It's a mad dash to the pump at Lansing's Central Garage, where the city's 750 vehicles go to refuel.
"Last year at this time, gas was $1.85 a gallon-- and we buy wholesale. Right now, it's $1.33 a gallon, so it's a 52 cent savings," says Lansing facilities manager Marty Riel.
The cheap gas is allowing the city to do some unexpected saving. They're saving roughly $8,000 a month more than they were last year. City finance director Jerry Ambrose admits that amount isn't much when compared to the $200 million budget, but it's nothing to balk at, either.
"Every little bit helps," says Ambrose. "It's $8,000 a month, or $100,000 a year. That certainly is better than what we've been expecting."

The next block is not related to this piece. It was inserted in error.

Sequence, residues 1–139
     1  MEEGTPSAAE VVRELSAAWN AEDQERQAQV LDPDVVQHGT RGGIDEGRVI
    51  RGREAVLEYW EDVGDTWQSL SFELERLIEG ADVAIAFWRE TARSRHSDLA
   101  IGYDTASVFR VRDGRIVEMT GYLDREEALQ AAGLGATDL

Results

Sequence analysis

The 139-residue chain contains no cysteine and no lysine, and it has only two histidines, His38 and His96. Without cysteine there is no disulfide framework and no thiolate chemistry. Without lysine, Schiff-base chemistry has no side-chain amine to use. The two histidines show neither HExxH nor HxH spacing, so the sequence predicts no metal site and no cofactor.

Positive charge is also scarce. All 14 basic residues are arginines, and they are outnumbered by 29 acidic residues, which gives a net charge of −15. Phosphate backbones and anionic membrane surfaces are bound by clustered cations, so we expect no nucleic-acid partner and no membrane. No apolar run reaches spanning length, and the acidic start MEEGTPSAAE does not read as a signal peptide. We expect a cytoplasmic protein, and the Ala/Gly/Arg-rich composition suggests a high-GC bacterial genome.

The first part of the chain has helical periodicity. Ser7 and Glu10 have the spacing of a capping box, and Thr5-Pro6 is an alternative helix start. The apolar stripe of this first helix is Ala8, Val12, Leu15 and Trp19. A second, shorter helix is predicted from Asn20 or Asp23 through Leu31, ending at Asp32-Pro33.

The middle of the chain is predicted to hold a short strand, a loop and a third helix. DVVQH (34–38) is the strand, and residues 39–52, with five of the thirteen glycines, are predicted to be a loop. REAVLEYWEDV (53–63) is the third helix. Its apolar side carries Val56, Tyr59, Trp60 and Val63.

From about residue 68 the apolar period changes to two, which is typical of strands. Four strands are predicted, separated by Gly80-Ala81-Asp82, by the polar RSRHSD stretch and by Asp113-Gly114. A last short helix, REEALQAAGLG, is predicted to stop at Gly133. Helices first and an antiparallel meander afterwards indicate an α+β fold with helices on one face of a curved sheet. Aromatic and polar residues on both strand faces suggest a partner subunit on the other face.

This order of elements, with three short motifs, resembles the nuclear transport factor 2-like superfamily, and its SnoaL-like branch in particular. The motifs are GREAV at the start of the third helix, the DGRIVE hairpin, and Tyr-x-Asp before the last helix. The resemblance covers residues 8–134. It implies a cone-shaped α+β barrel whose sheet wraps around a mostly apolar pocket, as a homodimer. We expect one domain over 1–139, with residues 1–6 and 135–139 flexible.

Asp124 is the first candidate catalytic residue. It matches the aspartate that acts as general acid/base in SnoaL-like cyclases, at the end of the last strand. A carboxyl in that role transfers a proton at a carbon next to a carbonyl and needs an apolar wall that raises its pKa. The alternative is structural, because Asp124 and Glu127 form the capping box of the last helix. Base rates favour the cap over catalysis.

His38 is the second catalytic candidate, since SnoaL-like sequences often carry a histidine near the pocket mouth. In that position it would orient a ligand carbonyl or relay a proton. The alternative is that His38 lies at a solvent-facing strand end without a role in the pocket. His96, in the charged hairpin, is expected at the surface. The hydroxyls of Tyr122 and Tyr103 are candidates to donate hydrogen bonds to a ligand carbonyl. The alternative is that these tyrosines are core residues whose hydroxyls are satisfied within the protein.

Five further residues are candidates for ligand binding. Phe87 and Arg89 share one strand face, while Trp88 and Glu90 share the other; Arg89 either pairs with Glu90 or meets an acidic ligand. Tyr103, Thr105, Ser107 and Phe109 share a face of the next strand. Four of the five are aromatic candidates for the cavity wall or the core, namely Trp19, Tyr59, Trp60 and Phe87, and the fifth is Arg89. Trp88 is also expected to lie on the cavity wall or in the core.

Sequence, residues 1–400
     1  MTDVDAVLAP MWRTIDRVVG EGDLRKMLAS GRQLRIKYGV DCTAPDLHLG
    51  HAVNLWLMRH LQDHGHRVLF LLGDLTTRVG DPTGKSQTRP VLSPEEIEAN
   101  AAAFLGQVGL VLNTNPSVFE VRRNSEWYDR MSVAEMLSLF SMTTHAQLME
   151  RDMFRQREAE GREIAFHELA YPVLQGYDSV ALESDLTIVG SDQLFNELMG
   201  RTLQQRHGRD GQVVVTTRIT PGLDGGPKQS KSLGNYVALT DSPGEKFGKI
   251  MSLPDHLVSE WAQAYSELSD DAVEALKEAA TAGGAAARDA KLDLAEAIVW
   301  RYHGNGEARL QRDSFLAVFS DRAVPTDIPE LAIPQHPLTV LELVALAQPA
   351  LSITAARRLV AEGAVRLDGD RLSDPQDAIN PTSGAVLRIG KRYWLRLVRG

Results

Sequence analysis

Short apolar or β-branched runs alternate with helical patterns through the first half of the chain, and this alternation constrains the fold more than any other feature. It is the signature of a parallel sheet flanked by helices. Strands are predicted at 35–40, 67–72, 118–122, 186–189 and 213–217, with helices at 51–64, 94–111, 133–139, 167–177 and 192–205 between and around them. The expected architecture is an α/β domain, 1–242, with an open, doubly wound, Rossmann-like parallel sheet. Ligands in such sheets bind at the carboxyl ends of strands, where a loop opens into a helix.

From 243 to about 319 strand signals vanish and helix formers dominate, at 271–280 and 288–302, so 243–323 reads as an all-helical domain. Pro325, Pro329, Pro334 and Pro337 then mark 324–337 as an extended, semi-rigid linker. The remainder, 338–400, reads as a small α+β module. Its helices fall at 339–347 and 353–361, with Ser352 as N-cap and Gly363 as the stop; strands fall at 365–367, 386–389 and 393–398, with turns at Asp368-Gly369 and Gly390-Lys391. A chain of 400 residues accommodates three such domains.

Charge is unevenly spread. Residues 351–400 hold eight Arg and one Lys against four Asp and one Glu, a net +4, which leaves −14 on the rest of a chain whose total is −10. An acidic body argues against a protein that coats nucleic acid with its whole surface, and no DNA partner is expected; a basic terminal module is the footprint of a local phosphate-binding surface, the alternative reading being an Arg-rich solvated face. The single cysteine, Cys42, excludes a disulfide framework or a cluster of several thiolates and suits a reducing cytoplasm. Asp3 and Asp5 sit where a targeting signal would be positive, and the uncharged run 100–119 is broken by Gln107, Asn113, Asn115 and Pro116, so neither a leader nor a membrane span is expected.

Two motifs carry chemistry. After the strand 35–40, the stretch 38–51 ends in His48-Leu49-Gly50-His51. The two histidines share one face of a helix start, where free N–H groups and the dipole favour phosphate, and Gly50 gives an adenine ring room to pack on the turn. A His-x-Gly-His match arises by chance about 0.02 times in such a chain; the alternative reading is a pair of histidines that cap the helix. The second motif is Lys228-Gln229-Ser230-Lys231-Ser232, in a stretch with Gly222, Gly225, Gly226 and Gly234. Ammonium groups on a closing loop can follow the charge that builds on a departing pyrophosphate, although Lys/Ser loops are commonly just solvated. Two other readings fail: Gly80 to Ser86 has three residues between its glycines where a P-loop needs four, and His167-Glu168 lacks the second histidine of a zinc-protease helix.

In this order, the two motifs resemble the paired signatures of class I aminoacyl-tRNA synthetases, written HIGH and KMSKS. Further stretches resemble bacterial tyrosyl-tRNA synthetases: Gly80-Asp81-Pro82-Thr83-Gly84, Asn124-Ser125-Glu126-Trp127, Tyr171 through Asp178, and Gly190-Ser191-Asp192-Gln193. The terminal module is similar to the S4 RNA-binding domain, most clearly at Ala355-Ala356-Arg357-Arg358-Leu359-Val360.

The savings will be added back into the city's rainy day, or "Reserves," fund, and will likely be put towards underfunded projects-- not back into taxpayers' pockets.
"Is [this money] going to significantly enable a tax cut? Enable us to do things we haven't been doing? No," he says.
These savings may be nice for now, but neither Riel nor Ambrose think the savings will continue. But for now, they're saving on something that's been a strain on the budget for the last year or so.
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